London’s river crossings came under intense scrutiny at the most recent meeting of the London Assembly transport committee.
The session which lasted around three hours tackled the complicated ownership models of our city’s bridges and tunnels, plus future plans to increase cross-river connectivity.
In order to support the panel of Assembly Members in their scrutiny, transport expert Dr Michael Horodniceanu, a professor at NYU Tandon School of Engineering and former New York Traffic Commissioner, was invited to speak at the meeting virtually from the United States.
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The famous George Washington Bridge in New York is tolled
His message was clear: “In New York City, there are bridges that are tolled. Their own operation and funding is generated by tolls solely.”
The tolls raise so much money, that he added: “part of the tolls have actually been subsiding the public transit.”
Tolls in New York provide 12 per cent of the MTA’s (TfL’s equivalent in New York) income, more than what the Congestion Charge and Ultra Low Emissions Zone bring to TfL.
This means that TfL could look to increase road pricing and tolls in the capital to make up the £300million in new income or savings it has to make as part of its £1.9billion central government bailout deal.
In 2019, the MTA made $2billion (£1.46billion) on the tolls alone, money TfL could do with.
This is where the tunnel will run
(Image: Transport for London)
Assembly Member and former Conservative Mayoral candidate Shaun Bailey challenged the professor suggesting that there might not be much of an ‘appetite’ for tolling here.
The professor responded: “Tolling today, due to technological advances, can be done based on the vehicle miles of travel.
“Therefore the contribution of the overall vehicle traffic in the city can then be used to support generic maintenance.
“If one bridge charges and another one does not, what happens is people will try to find a way to travel on the roads that are not trolled. It’s important to look at it in a very unified fashion.”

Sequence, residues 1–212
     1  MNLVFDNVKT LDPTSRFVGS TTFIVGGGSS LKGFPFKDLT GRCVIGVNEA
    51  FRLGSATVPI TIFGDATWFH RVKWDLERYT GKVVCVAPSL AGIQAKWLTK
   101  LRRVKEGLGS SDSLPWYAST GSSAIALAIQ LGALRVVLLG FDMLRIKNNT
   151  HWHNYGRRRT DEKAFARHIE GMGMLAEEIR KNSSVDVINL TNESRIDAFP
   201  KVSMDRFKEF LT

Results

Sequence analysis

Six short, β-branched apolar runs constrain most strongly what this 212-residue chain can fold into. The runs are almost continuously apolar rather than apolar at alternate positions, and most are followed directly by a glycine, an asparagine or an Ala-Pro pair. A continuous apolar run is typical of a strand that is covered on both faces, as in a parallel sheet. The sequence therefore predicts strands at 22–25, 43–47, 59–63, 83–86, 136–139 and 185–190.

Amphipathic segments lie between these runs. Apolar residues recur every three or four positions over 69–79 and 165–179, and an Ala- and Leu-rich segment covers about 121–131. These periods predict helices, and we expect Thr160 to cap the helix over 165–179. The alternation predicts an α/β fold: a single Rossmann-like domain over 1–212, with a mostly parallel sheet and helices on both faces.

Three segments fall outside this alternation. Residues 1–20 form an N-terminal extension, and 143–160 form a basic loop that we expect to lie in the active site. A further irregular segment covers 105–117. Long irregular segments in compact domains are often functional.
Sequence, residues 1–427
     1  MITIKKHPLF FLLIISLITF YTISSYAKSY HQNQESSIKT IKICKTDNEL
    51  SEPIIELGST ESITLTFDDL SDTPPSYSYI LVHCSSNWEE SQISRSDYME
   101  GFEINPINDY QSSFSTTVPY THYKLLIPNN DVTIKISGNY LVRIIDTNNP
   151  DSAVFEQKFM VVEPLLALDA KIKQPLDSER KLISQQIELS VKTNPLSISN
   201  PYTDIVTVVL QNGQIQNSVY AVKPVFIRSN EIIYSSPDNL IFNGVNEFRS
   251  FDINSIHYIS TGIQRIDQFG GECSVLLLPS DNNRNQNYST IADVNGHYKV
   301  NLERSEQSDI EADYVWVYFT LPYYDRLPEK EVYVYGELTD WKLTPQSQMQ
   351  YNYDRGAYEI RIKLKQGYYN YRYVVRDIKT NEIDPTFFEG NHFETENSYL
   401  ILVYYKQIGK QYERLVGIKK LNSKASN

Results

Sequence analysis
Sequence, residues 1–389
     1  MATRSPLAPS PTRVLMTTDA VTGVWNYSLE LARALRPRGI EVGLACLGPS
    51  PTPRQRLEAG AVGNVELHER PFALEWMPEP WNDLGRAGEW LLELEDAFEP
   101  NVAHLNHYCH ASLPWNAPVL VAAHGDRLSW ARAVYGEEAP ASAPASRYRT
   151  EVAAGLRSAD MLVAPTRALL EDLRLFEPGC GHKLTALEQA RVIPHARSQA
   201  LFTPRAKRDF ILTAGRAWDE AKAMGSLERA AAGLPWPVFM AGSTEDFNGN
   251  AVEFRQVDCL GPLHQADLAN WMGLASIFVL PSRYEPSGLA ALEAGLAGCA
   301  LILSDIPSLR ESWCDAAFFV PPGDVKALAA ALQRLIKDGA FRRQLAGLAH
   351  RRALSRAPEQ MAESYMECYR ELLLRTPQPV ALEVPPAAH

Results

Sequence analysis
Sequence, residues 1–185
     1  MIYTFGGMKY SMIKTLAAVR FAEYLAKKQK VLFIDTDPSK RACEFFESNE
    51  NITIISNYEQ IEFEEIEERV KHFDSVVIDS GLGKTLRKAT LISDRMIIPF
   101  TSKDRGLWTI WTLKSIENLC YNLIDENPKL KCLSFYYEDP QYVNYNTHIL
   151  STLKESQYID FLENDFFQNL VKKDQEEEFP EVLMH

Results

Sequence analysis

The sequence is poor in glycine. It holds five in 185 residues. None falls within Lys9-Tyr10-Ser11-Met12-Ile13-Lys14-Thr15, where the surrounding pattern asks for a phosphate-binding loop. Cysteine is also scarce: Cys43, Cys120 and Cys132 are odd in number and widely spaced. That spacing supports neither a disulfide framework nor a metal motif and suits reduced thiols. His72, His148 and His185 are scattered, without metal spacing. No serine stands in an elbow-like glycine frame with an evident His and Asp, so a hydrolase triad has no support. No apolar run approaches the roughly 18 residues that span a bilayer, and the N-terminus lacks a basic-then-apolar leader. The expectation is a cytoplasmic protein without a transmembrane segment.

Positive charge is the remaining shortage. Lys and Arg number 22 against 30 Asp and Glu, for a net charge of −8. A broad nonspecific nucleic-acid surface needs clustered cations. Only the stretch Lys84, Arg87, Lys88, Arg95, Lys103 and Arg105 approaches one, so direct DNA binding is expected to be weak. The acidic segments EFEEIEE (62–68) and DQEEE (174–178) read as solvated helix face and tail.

In New York, most bridges and tunnels between Manhattan and the surrounding boroughs are toll roads. Unless you walk, cycle, take the subway or a bus across the bridges you have to pay around $16 (£11.70), meaning a return trip could be costly.
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TfL says that when the Silvertown Tunnel, a new road tunnel between the Greenwich Peninsula and West Silvertown, opens in the mid-2020s, it will introduce tolls on both the new Silvertown and existing Blackwall Tunnels to repay construction costs and help finance the wider public transport network.
The planned tolls will be much cheaper than New York’s, with documentation suggesting it would be pegged to the Dartford Crossing toll at around £2.50.
Hammersmith & Fulham Council is currently examining implementing a toll to fund the urgent repairs needed to Hammersmith Bridge.
The meeting also touched on other issues such as the DLR extension to Thamesmead, the Woolwich Ferry issues and a bizarre exchange when Port of London Authority was unable to answer a question on how far along the river large ships could be restricted to.
Gareth Powell, TfL’s Director of Surface Transport told the committee that bar Hammersmith Bridge: “The one that needs the most repairs and maintenance is Rotherhithe Tunnel.”
He also added that Vauxhall Bridge will need additional repairs within the next five years.
It’s not just London learning from the Big Apple. Dr Horodniceanu added: “New York is now considering what London has already had – congestion pricing.”
Do you think London should introduce more tolls on its bridges and tunnels? What do you think about road pricing? Let us know in the comments below.
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